Mad Drafting Skillz: Part I – Pre Writing, Characters

So, at the Storymakers Conference last year (link here), I taught a (packed) class on MAD DRAFTING SKILLZ, because I’m a dork who can’t even give her official class a normal name. It was a LOT of information to digest in an hour long class, so I’m going to break it down here for funsies and for the people who were stuck with lame Brandon Sanderson instead of me (Please know I’m TOTALLY kidding, Sanderson is an amazeballs teacher).

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Yes, we’ll talk characters, but FIRST, I feel like we should cover some simple vocab – Plotting and Pantsing… In simplest terms – Plotting is writing out the plot, pantsing is letting the plot happen as you write.

 

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And don’t worry! You can have it all…

 

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Yes, I’m a dork, and yes, I’m a little surprised you’re here, too.

So, with that in mind –

PRE-WRITING: Characters!

  1. I write enough to know if I like my character and have a feel for their voice. Usually 2,000 – 7,000 words. Without a connection to my character, my word count is dead before I begin. VERY often, this isn’t something that makes it into my MS. I know that Dan Wells (author of I’m Not a Serial Killer), writes some kind of essay from the MC. I tried this once, and really focused on how my MC felt about the way their story wrapped up. SO VERY HELPFUL for character arcs (if you know the ending), and a brilliant way to get the creative mojo working to start a new project.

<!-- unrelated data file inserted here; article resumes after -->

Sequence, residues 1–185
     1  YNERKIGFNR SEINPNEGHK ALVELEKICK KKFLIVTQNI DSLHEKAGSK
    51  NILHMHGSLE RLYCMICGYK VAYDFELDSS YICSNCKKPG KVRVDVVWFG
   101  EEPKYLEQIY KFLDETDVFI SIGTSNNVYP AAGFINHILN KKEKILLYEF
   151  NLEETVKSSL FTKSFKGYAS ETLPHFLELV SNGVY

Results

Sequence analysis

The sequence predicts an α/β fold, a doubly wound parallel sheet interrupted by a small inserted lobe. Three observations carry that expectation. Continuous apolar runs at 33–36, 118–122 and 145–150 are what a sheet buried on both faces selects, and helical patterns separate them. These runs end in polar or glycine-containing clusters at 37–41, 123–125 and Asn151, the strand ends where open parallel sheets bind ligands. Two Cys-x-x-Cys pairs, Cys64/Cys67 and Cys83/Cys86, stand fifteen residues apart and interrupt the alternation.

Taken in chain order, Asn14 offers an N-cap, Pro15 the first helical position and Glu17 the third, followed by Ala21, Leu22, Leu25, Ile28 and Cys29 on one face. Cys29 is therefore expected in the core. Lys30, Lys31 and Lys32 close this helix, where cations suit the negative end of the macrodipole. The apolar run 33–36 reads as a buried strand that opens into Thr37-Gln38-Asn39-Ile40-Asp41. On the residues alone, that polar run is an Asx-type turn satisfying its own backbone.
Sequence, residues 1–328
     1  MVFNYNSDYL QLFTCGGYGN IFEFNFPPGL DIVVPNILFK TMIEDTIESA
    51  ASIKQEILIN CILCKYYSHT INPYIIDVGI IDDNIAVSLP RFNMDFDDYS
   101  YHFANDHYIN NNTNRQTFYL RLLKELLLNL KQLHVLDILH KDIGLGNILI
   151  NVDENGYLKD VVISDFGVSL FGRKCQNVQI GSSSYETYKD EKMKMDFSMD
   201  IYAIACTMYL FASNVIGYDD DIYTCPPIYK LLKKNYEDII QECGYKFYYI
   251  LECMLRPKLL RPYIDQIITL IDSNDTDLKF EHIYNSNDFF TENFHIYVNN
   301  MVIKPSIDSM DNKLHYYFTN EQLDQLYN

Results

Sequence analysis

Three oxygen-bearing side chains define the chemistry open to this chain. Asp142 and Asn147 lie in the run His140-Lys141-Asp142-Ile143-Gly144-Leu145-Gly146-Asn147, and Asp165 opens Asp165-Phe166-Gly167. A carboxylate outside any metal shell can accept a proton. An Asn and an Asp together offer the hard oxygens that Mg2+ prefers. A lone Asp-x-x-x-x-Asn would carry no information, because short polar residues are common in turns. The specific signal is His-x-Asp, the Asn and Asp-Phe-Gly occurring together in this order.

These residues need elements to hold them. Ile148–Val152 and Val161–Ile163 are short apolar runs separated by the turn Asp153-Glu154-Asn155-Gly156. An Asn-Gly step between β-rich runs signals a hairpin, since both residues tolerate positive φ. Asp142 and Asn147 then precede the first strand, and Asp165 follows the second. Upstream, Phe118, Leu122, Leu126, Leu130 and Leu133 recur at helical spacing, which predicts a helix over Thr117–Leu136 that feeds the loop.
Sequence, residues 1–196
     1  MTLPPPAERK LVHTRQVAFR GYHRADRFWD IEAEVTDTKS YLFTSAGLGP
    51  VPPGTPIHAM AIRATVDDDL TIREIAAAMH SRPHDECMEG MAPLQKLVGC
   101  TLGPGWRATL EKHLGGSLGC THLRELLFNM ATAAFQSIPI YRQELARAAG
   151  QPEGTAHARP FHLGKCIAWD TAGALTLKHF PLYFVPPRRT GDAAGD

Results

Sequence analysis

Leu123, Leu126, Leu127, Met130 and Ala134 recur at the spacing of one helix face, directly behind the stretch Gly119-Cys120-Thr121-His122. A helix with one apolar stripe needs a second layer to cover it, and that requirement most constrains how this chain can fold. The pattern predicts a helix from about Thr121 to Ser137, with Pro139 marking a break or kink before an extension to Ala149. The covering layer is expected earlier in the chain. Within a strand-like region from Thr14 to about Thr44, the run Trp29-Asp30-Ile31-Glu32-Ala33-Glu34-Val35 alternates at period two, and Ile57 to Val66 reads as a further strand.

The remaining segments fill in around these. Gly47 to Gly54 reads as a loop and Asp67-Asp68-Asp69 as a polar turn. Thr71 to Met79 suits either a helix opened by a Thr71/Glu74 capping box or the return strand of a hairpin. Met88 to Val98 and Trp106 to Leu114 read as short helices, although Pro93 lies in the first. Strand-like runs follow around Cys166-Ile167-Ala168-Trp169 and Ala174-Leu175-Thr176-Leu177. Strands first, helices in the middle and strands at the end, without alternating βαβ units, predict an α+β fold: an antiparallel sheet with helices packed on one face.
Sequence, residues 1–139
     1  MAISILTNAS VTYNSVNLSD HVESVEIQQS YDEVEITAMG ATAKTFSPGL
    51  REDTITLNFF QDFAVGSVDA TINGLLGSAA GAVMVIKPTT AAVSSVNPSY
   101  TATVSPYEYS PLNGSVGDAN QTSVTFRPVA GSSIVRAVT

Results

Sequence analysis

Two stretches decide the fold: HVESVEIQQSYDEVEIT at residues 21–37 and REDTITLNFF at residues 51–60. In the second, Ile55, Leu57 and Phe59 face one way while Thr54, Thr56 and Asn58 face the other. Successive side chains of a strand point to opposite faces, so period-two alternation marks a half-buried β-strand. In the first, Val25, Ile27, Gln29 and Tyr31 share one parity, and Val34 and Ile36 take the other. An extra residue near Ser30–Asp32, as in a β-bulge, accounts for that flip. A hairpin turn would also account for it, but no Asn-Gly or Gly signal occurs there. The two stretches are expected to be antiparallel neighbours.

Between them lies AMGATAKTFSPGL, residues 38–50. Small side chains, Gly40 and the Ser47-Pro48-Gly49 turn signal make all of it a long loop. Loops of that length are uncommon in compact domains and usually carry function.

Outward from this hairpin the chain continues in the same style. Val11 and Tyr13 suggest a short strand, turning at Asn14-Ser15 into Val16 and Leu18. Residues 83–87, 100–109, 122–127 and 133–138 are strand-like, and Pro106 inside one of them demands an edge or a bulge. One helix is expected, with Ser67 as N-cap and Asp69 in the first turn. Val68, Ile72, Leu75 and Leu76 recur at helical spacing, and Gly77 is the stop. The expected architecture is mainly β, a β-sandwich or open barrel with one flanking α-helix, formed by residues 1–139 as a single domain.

2. If the character doesn’t FORCE me to keep writing, this is the point when I step back. UNLESS I have a deadline. If I have a deadline, and the character isn’t talking loud enough to dictate decisions and plot, then I spend a little more time outlining than I normally would. See how the shift between plotting and pantsing changes even after you’ve started the process? Embrace change. It means you’re letting the story influence your process.
  3. Research what that character has gone through (more on that next post), or just spend time trying to get into their head – sort of like what an actor would do when preparing to play a role. When I do dishes, I think about how my character would feel doing dishes – Would they know what a plate was? Would they love the feel of hot water on their hands? Would they be bored? Whiny? Resigned? Worried? And just like that, I’ve taken a boring every day task, and turned it into book research. (this is great WHILE drafting, not just pre-writing).
  4. IF YOUR NOVEL IS SO PLOT OR WORLD DRIVEN, THAT YOU FEEL THIS DOESN’T APPLY, PLEASE REALIZE THAT YOUR PLOT OR WORLD IS YOUR MAIN CHARACTER, AND TREAT IT/THEM AS SUCH! Don’t feel weird about this! You make stuff up and spend hours writing it down and worrying about word placement – you crossed the line into weird a LOOOONG time ago.
  5. PHOTOS – Use the internet! Actors, Pinterest, stock photos, friends, family… Having a perfect visual representation to go with what you’ve learned by writing an essay from your character? GOLD.
  6. Character sheets – If you google search this, you’ll come up with more ideas than you’d ever want to use. Some of the details feel boring, but I usually answer AS the character, which is INFINITELY more interesting.

 

So, that’s the CHARACTER part of pre-writing. The other parts we’ll cover are: Research, Plotting tools, Visuals, Blurb/Pitch, and Setting the Mood…

Thanks for popping in! If you have things to add, PLEASE DO!

Thanks, Jo 

P.S. Finishing off this post with shameless self-promotion. I won’t do that often. Promise.

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